Also, many mothers are unable to get the rest they need to fully recover from giving birth. Constant sleep deprivation can lead to physical discomfort and exhaustion, which can contribute to the symptoms of postpartum depression. [4] New evidence is even saying that postpartum depression can affect fathers as well.[7] 

Depression of any kind is no picnic, which is why focusing on the parent’s mental health postpartum could go a long way. There is a lot we can do for ourselves, but there is also a lot that others can do for us. Maybe a postpartum party is in order? 

Focusing on moms when they need it most

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In a post on Scary Mommy by Wendy Wisner where she spoke about her time after childbirth, she said:

“My girlfriend threw me a baby shower, which was awesome, and I am forever indebted to her for that. But that, too, focused mostly on the birth, the baby, and making sure I’d have all the material possessions I’d need to be a mom. It didn’t touch upon what would prove to be the ultimate shit-show of this whole thing: postpartum.” [5]

BUST Magazine writer Marisa Mendez Marthaller suggests skipping the baby shower and throwing a “postpartum party” for new moms instead. She provided the following outline on how to throw a postpartum party that gives a new parent exactly what they need.

  1. Make a guest list of the people you think can help you after giving birth and invite them to the postpartum party. Explain that this party is actually six weeks long and includes super cool games like diaper changing and babysitting.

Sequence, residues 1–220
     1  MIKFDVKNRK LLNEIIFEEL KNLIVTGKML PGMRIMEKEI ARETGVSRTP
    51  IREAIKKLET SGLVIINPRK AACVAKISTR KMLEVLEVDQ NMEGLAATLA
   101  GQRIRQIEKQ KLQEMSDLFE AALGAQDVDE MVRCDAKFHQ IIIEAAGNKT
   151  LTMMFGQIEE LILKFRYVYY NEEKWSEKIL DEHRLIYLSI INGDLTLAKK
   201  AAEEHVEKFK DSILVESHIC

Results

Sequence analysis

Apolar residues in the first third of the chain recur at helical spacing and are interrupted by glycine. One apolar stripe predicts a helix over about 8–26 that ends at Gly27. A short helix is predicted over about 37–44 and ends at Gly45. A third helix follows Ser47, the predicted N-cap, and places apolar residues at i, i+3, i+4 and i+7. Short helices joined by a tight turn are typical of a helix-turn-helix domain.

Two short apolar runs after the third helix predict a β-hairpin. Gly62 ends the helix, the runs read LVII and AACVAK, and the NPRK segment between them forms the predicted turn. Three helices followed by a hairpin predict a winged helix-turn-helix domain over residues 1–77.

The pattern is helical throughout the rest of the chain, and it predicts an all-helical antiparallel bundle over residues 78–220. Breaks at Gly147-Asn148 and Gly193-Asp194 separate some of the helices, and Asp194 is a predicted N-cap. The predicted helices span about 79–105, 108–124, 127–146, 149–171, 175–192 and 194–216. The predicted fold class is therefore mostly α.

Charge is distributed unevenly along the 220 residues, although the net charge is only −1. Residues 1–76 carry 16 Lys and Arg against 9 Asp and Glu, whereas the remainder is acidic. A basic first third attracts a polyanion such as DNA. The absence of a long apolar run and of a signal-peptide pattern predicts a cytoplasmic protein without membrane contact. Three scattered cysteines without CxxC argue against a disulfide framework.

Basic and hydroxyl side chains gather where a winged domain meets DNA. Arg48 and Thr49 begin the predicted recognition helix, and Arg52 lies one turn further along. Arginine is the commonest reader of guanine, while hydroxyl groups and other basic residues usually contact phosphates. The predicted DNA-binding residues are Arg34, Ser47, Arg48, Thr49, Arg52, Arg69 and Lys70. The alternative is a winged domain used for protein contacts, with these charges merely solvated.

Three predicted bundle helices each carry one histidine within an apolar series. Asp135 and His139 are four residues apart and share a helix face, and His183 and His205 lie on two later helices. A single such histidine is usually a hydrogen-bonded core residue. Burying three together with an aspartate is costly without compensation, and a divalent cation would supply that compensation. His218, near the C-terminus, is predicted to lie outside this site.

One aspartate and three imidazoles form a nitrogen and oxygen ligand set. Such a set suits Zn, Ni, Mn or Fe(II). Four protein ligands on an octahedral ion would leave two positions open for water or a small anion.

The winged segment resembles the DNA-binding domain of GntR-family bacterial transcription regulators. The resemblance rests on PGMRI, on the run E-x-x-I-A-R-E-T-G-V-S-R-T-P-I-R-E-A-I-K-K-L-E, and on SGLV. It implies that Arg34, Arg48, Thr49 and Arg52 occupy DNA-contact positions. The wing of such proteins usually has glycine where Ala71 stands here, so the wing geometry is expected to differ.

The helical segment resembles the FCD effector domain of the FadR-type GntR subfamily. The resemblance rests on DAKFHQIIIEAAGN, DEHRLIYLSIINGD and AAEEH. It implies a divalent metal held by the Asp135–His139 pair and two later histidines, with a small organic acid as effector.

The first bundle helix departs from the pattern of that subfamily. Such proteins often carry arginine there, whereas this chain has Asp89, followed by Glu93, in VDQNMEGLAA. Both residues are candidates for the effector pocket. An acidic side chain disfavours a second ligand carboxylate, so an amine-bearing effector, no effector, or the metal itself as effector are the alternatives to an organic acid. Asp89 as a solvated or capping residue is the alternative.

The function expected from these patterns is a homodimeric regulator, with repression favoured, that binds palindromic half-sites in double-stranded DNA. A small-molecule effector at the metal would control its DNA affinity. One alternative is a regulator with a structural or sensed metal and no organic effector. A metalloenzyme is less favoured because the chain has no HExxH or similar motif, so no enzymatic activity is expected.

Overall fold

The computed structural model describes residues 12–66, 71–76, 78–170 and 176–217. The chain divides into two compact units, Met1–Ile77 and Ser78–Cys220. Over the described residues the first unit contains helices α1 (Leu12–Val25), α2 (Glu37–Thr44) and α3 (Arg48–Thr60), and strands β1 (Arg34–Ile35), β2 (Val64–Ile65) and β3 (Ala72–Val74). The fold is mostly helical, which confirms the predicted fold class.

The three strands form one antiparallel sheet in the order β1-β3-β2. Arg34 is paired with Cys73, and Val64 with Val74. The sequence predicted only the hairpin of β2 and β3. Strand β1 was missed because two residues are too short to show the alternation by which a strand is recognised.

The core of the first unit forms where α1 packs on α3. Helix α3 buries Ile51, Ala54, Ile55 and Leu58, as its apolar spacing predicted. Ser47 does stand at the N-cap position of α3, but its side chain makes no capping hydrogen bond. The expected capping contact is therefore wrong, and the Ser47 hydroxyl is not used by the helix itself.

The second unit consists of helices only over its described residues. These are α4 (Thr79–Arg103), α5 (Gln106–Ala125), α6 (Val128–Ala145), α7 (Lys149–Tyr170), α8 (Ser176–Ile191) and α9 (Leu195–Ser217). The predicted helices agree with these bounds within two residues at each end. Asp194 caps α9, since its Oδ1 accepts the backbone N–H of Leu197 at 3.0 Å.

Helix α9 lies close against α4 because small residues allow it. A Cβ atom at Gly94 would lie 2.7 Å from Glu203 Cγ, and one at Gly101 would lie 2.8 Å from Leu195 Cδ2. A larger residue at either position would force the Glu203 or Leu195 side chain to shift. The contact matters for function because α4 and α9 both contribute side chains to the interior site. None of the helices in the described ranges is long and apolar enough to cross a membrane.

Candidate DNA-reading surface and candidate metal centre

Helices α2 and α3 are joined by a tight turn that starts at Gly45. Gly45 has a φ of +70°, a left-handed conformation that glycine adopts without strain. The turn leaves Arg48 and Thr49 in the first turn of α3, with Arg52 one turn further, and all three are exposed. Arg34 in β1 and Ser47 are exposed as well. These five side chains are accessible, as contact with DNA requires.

2. Organize a food schedule so friends and relatives can take turns to come cook meals or drop off care packages. Even long-distance friends and family can still pitch in.
  3. Set up a house-cleaning timetable for friends and family to donate their time and effort to help you keep the home livable. Tasks may include mopping floors and doing dishes.
  4. Ask for some mother-sitting time so you can get enough rest. This could involve something as simple as having someone who can hold a baby while you go to the bathroom, shower, nap, or who will even just listen as you talk.
  5. Establish visiting hours so you don’t get overwhelmed by having too many guests at once.

Postpartum depression is a series issue, and it by no means can surely be avoided with something like this. However, it certainly can’t hurt. Having loving support from friends and family that goes beyond receiving cute new onesies, pacifiers, and rattles. 

Disclaimer: This information is not intended to be a substitute for professional medical advice, diagnosis or treatment and is for information only. Always seek the advice of your physician or other qualified health provider with any questions about your medical condition and/or current medication. Do not disregard professional medical advice or delay seeking advice or treatment because of something you have read here.

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Stacy Robertson
Writer and researcher
Stacy Robertson is a writer and researcher with a B.A and an M.A in English Studies, and a strong will to literally touch all areas of life especially health by her own chosen form of artistic expression. Stacy has authored several articles on a range of different topics concerning nutrition plans and diet benefits for different kinds of people.